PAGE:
He told me that if he could hear the music at the road, I could be charged with disorderly conduct.  I told him I would gladly drive to the road with him (my driveway is 1/4 mile long).  We drove towards the end of the driveway.  I stopped about 400 feet short of the road.  I got out of my car and asked him if he could hear it.  He said “No.” I told him the hunter that complained does not live here, he’s just being allowed to hunt the neighbors’ property and he had to be nearly on my property to even come remotely close to hearing it.  He agreed and said he would talk to the hunter.  He did and the hunter left. 

Of course, they were back by that evening so we continued to stay outdoors as much as possible, refusing to change our habits or lifestyle to accommodate hunters that are intentionally trying to intimidate us.  Four months after this incident, a wildlife officer came to my home.  He told me he was investigating complaints about hunters.  He asked me if I had any trouble with hunters.  I told him yes, one had called the police on me for playing a radio.  He asked me if we had done anything else to discourage the hunters.  I told him we use an air horn and anything else to safeguard the property.  He gave me a ticket, stating that I had unlawfully deterred a path of a deer that was lawfully being hunted, even though, I saw no deer this year and even though I was on my own property.   I have had to pay an attorney $1000, so far to defend myself against these charges.”

Case 2:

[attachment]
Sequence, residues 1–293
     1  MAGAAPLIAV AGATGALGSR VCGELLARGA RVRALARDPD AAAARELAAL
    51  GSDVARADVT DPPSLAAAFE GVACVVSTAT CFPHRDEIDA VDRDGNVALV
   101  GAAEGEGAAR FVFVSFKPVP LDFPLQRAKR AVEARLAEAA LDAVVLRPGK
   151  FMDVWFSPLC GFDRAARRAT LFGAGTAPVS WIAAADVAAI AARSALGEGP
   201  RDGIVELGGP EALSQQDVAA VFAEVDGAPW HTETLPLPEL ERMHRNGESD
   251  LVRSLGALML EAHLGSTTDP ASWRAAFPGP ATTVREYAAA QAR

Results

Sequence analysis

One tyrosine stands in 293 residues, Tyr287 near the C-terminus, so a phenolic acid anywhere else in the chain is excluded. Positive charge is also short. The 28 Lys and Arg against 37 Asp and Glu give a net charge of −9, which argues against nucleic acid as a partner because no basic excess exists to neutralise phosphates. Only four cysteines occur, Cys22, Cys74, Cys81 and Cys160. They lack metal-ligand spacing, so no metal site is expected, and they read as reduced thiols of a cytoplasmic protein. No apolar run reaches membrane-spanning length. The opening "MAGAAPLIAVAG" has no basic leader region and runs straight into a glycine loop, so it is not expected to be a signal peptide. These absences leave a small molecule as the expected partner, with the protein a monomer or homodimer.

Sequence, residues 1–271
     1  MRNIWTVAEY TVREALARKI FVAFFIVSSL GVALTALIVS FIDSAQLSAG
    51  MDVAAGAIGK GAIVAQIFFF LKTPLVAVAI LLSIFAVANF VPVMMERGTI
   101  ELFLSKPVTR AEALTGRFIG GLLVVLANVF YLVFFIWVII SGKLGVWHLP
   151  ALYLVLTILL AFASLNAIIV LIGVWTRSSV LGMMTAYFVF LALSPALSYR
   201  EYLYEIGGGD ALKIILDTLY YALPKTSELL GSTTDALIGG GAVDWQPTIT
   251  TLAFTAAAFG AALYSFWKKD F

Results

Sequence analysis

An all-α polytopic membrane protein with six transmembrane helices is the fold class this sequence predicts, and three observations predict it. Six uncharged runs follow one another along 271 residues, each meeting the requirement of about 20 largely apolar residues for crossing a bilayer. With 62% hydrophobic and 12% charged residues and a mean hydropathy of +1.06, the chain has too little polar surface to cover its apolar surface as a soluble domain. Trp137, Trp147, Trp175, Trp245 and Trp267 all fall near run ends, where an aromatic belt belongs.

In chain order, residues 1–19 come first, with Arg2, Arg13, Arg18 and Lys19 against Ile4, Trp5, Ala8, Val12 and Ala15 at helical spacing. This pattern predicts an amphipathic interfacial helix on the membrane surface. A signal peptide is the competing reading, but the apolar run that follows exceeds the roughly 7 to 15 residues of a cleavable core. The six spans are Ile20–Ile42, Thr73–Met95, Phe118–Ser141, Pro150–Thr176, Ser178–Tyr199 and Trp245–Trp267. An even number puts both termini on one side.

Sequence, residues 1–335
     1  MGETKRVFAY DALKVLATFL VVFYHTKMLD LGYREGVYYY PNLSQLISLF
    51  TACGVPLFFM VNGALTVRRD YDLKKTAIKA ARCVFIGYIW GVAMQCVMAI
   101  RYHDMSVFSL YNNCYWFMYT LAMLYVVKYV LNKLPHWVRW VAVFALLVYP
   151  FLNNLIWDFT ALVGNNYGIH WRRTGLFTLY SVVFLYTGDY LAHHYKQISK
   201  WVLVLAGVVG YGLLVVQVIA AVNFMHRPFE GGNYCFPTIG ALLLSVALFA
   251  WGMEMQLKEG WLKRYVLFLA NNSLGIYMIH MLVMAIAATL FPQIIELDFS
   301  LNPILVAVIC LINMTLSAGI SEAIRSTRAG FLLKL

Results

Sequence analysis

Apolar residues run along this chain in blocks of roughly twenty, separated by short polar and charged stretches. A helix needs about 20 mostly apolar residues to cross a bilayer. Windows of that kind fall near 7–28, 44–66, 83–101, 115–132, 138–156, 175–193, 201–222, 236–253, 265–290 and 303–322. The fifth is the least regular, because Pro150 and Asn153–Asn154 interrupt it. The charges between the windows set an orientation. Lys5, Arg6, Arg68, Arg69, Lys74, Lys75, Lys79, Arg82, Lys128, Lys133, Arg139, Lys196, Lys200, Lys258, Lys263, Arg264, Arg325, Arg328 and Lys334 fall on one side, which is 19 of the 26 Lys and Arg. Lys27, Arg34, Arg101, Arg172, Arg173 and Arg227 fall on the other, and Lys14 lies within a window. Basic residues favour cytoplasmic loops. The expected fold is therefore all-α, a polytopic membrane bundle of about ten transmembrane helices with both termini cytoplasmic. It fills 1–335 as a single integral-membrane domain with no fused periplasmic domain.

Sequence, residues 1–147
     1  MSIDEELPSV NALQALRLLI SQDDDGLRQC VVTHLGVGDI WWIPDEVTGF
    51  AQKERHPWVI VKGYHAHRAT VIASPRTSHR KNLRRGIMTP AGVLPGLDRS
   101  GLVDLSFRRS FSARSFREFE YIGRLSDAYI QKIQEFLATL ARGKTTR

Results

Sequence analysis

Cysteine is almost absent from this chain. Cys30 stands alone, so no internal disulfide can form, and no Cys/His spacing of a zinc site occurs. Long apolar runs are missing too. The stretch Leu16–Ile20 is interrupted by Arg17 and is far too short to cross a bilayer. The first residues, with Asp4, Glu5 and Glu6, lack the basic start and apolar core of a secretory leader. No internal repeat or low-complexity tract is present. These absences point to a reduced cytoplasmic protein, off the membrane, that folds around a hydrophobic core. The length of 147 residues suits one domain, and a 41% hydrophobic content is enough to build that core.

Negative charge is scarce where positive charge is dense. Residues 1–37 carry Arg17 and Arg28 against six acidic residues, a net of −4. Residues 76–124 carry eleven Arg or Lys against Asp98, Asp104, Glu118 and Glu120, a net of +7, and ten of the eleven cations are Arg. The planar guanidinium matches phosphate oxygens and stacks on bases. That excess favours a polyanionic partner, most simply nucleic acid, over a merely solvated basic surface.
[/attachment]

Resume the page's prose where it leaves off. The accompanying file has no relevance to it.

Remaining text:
Please visit our Media-Center at
Click on the link to the Recent C.A.S.H. Radio Interview With Kathryn Andrews.

Case 3:


In the past, we’ve written quite a lot about Jan Haagensen’s nightmare with home invasion by hunters with the complicity of the police. Jan is leading the fight to stop the hunter harassment statutes from being used against landowners who try to keep hunters off of their property. If she succeeds, it will diminish the freedom that hunters now enjoy and the support they receive from law enforcement officers and lower level courts.

These pervasive intimidation tactics have got to stop, but we need your help. Your dedicated contribution to C.A.S.H. for the legal fund will help Jan and others to win peace for themselves and wildlife.


Since the late 1960’s, my parents, who had moved into a very rural area in Pennsylvania, were very active in seeking to protect all of their property from invasion by hunters. My parents, my brother and sister and I, all wanted to protect and create a sanctuary for the wild creatures sharing life with us in the country. But as soon as we said “No” to any and all forms of hunting, and made it clear that all killing and trapping was forbidden on our property, we became subjected to vicious and criminal kinds of harassment by local hunters, and by the local police (who were also hunters).